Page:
Post by drumzalot on Jul 22, 2014 17:04:43 GMT -6
The Shake Sharp razor was designed as a double edge razor and it physically shows. The design will lead you to believe that it is a DE razor, it even specifically accommodates a double edge blade. When it comes down to the way that it shaves everything is turned literally upside down.
The Three Shake Sharp Models
The first Shake Sharp model came packaged in a card board box (pictured at left). This early model was made with a bakelite handle and had a removable gold plated head. This early model is also pictured in the patent of April 2, 1946. A hard shell case was later produced along with two new models. The new models were solid metal that were nickel and gold plated, the head was no longer removable but fixed to the body. An early patent from December 28, 1943 shows that the Shake Sharp was originally intended to use both double and single edge razor blades.
Pictured below is my Shake Sharp which came in a plastic case. This is the first case that I have seen that is made of plastic, because of the plastic case I assume that this is a later set. There are no razor blades included in the set only the user's manual.
The Double Edge Blade Transformed Into A Single Edge Blade
The Sharp only allows you to use one edge of the blade during the shave. The opposite edge of the blade is shielded by the razor's head and is completely covered. If you wish to use the other edge of the blade you must open the razor's top plate then flip the blade to the other edge. Since you can only use one edge of the blade per shave this makes the Shake Sharp (in my opinion) a single edge razor.
The Shake & Sharpen Feature
If the double edge blade in a single edge razor isn't unique enough the Sharp has a built in metal hone. With a flick of the wrist the hone is released from the razor's handle (which is attached to a lever) and it scraps along the bottom of the DE blade.
The Shake Sharp's Shave Performance
The Sharke Sharp's characteristics might seem odd, a double edge safety razor transformed into a single edge shaver with a built in hone. The Shake Sharp attempts to do several things at once but the shave performance is what counts. The Shake Sharp succeeds in giving a fantastic shave.
The Shake Sharp weighs 59 grams and is 84.2 mm in length. My Sharp (pictured below) is in a gold finish. Apparently, the gold finish models are (as the manual states) plated in genuine 22 carat gold. I have to admit that I wonder if it is truly gold. The blade exposure is quite obvious giving the Sharp a fierce appearance. Due to the limitations of my camera I am unable to take a photo of the blade gap.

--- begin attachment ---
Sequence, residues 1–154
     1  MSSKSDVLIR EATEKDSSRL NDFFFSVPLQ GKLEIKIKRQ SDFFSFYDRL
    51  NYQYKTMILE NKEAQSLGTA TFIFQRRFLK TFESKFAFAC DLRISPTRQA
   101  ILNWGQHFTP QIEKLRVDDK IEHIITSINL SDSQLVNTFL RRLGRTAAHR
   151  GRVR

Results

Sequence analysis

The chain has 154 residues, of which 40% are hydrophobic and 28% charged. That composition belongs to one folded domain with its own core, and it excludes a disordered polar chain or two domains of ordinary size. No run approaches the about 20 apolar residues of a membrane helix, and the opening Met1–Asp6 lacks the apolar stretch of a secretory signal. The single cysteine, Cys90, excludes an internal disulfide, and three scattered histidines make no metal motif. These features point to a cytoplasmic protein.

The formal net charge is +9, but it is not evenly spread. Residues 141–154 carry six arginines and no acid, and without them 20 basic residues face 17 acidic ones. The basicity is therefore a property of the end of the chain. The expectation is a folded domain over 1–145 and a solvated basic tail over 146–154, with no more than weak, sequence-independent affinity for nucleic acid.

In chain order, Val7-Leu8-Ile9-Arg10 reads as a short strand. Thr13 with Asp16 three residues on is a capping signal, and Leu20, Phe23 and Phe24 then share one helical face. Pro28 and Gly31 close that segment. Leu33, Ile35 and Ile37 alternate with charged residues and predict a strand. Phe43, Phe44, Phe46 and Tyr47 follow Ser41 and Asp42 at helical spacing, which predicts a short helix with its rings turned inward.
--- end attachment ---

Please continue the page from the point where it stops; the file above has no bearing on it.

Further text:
The blade gap appears to be slightly wider then my Gem open comb Micromatic. Add the blade exposure into the mix and the Sharp looks like a razor that should be avoided. The Sharp literally turns out to be a fantastic shaver. I have read that some compare it to an injector. I found the Sharp's performance to be a mixture of an injector and the Stahly Live Blade razor.
I had owned a Stahly Live Blade razor (which is no longer functional). I found the Stahly to be a superior shaver mild and comfortable. If you employ a DE angle with the Shake Sharp you are bound to have a terrible shave! The key to a soothing shave with the Sharp requires that you use the same angle as you would on a single edge razor.
All three passes were smooth and mild. The Sharp might look like a beast but it performs like a puppy. The only hint of aggression was ATG on the neck. Here I had to lay the top of the head flat on my skin literally, if I did not do this I could feel the blade cut into the skin.
The Bad & The Good
The Sharp's negative points are minor neither of which effect the shave. The head tends to collect water. When I rinse the Sharp under running water (to clear lather build up) a good amount of water dribbles from the head. You can only benefit from the built in hone feature if you use carbon steel blades. The knurling pattern on the Sharp does not give the best grip. At least for me, the handle covered with soap could slip easily if I wasn't being careful.
Does the built in hone feature work? It's hard to say I used a stainless steel blade. The fact that the hone only sharpens the bottom side of the blade's edge makes the feature limited. After a horde of uses the hone will probably not be serviceable anymore?
The Shark's positives are many. If you ever wanted to use your DE blades in a single edge razor this is the razor for you. Since there are many DE blades available you have a wide spectrum of blades to try. I used my favorite Personna Lab blades which made this SE experience fantastic. You can stretch a DE blade for quite a long time especially carbon blades.
Since you are allowed to use only one edge of the blade you can double the amount of time you stretch a DE blade. With carbon steel blades you can sharpen them for longer life (though I am unsure if this feature really does the job).
On a personal note, though my Shake Sharp looks impeccable in darker light someone decided to buff the razor's head. With direct light and up close you can see light buff swirls on the whole head, I can't reason why someone do something like this! I understand that with some paste and fine buffing these swirl marks can be removed but I don't have experience in doing this.
The Bottom Line
If you want a single edge shave with your favorite DE blade, a smooth mild shave, a hefty weighted razor, the ability to hone a carbon DE blade and stretch the life span of your blades the Shake Sharp wins on all of these counts. The Shake Sharp deserves a lot of praise more so then many others seem to get. The Shake Sharp joins the ranks of my best razors that's how good it is.
An excerpt from the user's manual.